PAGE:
KrispyFlakes (@KrispyFlakes2k): Who becomes the odd man out in the guard rotation?


Langlois:
Once Killian Hayes and Dennis Smith Jr. both are uninhibited by minutes restrictions and get their conditioning levels back, there’s a crowd in the backcourt. Even if they play Hayes off of the ball, there’s another crowd at shooting guard. Saben Lee, Smith, Hayes and Cory Joseph can all play the point and Smith and Hayes can play both spots. Then you’ve got Josh Jackson/Hamidou Diallo – consider them one entry because the Pistons can play both at small forward, as well – plus Frank Jackson, Wayne Ellington and Rodney McGruder as shooting guards. Casey is going to use Ellington because his 3-point shooting helps make the offense function at a level that gives the Pistons a chance to see how the young point guards perform with the space Ellington’s 3-point threat creates for them. McGruder might get squeezed. Casey has used three point guards and divided up the minutes similarly of late. If he wants to use Hayes on the ball some, then it’s tougher to get minutes for four point guards. Maybe Joseph eventually gets squeezed for the young guys here and there. Injuries usually have a way of streamlining the decisions. Casey could also just rotate playing time on a game-to-game basis, so continue using three point guards in games and if all four available they take turns excluding one in any given game.


Michael (Windsor, Ontario): With the Pistons likely headed to the lottery, why have we not seen more from Deividas Sirvydis? In today’s game of floor spacing and the label that he’s an elite shooter, why not give him a chance?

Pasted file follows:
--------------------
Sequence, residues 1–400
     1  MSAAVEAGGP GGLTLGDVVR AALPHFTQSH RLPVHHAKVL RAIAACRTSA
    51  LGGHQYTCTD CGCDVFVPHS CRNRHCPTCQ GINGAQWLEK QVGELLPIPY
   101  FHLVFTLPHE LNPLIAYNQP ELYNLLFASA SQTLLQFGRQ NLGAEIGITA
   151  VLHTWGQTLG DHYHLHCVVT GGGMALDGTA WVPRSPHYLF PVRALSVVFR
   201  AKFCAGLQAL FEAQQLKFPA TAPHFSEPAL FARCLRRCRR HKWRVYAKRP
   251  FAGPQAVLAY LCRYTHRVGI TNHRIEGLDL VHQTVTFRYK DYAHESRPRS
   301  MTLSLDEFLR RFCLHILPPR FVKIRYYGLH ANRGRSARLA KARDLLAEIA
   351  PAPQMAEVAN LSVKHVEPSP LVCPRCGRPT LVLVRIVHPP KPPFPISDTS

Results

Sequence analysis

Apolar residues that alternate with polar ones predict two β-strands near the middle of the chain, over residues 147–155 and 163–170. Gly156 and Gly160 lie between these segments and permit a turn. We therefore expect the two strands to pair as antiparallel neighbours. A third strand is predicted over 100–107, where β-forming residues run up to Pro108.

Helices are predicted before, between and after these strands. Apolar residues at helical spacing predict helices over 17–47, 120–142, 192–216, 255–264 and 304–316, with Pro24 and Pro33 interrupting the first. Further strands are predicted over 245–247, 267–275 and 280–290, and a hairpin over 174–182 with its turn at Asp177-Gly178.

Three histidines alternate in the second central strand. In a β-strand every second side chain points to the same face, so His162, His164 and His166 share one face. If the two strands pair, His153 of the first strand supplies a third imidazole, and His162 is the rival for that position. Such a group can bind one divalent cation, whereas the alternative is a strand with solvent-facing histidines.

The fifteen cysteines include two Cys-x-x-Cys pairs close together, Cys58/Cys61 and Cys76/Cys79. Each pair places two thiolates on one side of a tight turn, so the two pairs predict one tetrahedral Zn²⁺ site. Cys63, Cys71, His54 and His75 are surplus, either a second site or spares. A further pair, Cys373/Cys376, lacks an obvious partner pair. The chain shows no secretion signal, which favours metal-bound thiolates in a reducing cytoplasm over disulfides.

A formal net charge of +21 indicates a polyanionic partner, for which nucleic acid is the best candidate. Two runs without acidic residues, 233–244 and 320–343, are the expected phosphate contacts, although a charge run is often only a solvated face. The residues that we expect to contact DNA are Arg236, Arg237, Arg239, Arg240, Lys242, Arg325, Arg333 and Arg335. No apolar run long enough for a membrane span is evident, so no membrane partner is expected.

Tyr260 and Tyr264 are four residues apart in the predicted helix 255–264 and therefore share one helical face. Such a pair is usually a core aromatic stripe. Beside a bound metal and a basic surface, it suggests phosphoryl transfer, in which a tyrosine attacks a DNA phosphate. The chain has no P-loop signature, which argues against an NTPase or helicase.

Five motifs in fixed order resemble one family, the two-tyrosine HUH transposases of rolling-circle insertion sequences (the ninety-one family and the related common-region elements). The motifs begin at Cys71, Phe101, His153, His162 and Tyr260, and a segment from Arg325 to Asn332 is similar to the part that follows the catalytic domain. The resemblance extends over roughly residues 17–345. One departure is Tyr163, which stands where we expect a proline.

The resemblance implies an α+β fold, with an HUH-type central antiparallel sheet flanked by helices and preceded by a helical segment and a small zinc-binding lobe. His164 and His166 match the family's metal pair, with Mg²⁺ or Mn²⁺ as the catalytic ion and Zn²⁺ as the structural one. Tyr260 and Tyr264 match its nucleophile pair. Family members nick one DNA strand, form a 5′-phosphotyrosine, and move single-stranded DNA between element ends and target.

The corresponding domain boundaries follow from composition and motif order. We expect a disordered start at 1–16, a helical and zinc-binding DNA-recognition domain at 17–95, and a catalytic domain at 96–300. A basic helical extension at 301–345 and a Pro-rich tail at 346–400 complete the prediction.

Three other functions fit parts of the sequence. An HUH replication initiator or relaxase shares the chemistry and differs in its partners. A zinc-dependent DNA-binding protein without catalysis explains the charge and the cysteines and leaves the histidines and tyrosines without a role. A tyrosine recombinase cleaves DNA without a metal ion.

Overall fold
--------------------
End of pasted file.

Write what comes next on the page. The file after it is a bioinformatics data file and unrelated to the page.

Langlois:
He played in four straight games and five of six before not appearing in Denver and his two longest stints, and three of his four longest, have come within the past week. He, much like Sekou Doumbouya, would have benefited greatly from a G League option this season and certainly is in line for major minutes with the Motor City Cruise when they debut next fall in Detroit. I don’t know that anyone claimed he was an elite 3-point shooter today, only that he’s got the potential to be that down the road. But you can’t put the cart before the horse. He’s got to be able to feel comfortable with the speed of the NBA game in order to put that 3-point potential to use and that requires a great deal of physical maturation and game experience, things you can only rush so much.


Glenn (Novi, Mich.): I haven’t seen the “other” Mobley on any of the 2021 NBA mock drafts. In your opinion, does Isaiah Mobley rank in the top 60 2021 prospects. Good size and splits except for free throws and a good handle for a 6-foot-10 player.


Langlois:
Sam Vecenie of The Athletic had Evan Mobley’s older brother at No. 98 on his top 100 list and he’s outside the top 100 on ESPN.com, so that would indicate it would be something of a long shot for him to be drafted. But as you get past the top 10 or 15 players and the talent pool flattens, the differences between a player someone sees as 25th best and 125th best can often be tiny and polishing one or two areas of weakness can vault someone 50 or more spots up the ladder. So I’d put Isaiah Mobley in a group with scores of other prospects who have a chance to make a mark in the NBA – or, failing that, have a really nice career somewhere in the world. He’s not as long, fluid or nearly as athletic as his brother, which makes Evan Mobley an elite prospect that everybody regards among the top five prospects for the 2021 draft.

Pistons.com editor Keith Langlois answers your questions about the Pistons and NBA. To have your question considered, submit it along with your name, email address and city/state using the form below.